Equine medical center's isolation unit is valuable tool in battle against infectious diseases
January 31, 2007
Whether it is Equine Herpesvirus-1, Potomac Horse Fever or Strangles, infectious diseases in horses have appeared frequently in recent news headlines. Fortunately, the Marion duPont Scott Equine Medical Center in Leesburg, Va., is on the frontlines in the battle against infectious diseases within the equine population.
The center, which is one of three campuses of the Virginia-Maryland Regional College of Veterinary Medicine, houses a state-of-the-art Animal Biosafety Level 2 isolation unit specifically designed to quarantine horses that are diagnosed with, or suspected of having, contagious diseases. The $1 million facility was unveiled in February 2004 in thanks to a bequest from the estate of the late Paul Mellon, along with smaller private contributions and support.
The isolation unit stands apart from the main building and can accommodate up to eight horses. Each stall features an individual stall entry and ventilation system in order to prevent cross-contamination as well as a video camera so that the medical staff can monitor patients at all times.
In order to provide for the safety and care of hospitalized horses, the center’s team follows strict protocols in isolating patients suspected of having contagious diseases.
“If we believe that a horse may be capable of spreading a contagious organism, then that horse has to be placed in isolation where they’re physically separated from other horses,” said Harold C. McKenzie III, assistant professor of equine medicine at the Marion duPont Scott Equine Medical Center. “We very closely monitor all of the horses in our care and we’re quick to act if we suspect a potential infectious disease issue.”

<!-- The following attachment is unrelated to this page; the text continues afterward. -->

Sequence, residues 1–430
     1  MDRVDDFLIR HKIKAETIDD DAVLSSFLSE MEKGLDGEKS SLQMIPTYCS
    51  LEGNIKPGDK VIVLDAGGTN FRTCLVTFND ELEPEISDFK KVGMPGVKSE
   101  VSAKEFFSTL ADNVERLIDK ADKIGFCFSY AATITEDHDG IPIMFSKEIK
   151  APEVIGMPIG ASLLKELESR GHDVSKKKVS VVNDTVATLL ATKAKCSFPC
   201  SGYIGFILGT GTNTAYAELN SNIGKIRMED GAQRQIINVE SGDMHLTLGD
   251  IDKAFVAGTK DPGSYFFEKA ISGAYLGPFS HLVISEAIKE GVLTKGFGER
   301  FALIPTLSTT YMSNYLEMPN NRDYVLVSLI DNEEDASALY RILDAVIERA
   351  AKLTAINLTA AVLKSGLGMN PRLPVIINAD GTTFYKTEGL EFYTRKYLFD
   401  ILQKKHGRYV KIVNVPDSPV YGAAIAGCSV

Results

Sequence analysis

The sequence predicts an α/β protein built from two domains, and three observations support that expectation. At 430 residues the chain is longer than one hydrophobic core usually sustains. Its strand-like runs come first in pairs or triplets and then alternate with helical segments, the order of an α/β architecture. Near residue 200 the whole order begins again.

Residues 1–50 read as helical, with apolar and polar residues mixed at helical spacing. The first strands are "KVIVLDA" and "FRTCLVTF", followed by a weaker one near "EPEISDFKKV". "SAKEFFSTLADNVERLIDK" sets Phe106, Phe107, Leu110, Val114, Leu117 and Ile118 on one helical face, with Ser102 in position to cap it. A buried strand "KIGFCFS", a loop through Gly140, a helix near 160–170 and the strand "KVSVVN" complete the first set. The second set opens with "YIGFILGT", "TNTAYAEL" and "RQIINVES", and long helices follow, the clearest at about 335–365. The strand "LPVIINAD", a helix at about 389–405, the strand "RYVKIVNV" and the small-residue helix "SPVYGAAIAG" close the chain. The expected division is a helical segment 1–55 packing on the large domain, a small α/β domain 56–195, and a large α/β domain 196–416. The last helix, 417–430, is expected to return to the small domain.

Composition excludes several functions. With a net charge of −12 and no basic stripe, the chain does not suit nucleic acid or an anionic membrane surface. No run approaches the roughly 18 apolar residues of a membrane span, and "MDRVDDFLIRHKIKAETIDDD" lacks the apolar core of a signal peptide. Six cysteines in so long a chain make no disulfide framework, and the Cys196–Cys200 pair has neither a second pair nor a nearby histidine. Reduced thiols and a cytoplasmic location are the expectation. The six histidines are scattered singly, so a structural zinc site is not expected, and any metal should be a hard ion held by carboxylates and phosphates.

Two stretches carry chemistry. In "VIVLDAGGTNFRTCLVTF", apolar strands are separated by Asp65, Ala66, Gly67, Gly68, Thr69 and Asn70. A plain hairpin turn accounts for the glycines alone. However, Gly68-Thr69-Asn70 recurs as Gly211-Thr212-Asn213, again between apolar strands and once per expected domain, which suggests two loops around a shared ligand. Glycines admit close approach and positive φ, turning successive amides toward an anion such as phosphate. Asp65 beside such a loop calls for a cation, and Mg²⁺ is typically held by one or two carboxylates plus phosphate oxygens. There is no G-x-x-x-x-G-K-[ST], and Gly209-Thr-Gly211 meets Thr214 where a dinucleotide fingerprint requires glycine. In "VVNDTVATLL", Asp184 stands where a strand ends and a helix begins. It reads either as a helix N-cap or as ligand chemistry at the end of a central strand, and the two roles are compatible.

Once horses are placed in isolation, the center’s doctors, nurses and technicians follow stringent biosecurity procedures governing patient care, movement in and out of the isolation unit, and cleaning and sterilization of stalls.
“The unit protects the general hospital population but it also protects the animal that is in isolation,” said Martin O. Furr, Adelaide C. Riggs Chair in Equine Medicine at the center. “We take extraordinary precautions to keep our patients safe.”
The center’s faculty members also conduct research related to the prevention and treatment of infectious diseases. Since the center’s inception in 1984, researchers have played key roles in the development of Marquis, the first Food and Drug Administration-approved treatment for Equine Protozoal Myelitis, and of the technique for using inhaled antibiotics to treat respiratory diseases. Private philanthropy has spearheaded the expansion of research facilities at the center, and a new collaborative research complex is currently being constructed.
“This isolation unit and the research underway at the center are vital and necessary components in our ability to offer comprehensive healthcare services to our patients,” said Nathaniel A. White II, Jean Ellen Shehan Professor and Director of the Marion duPont Scott Equine Medical Center. “Our patients’ health is always our first priority.”
The Marion duPont Scott Equine Medical Center is a Leesburg-based full-service equine hospital that is owned by Virginia Tech and operated as one of three campuses that comprise the Virginia-Maryland Regional College of Veterinary Medicine.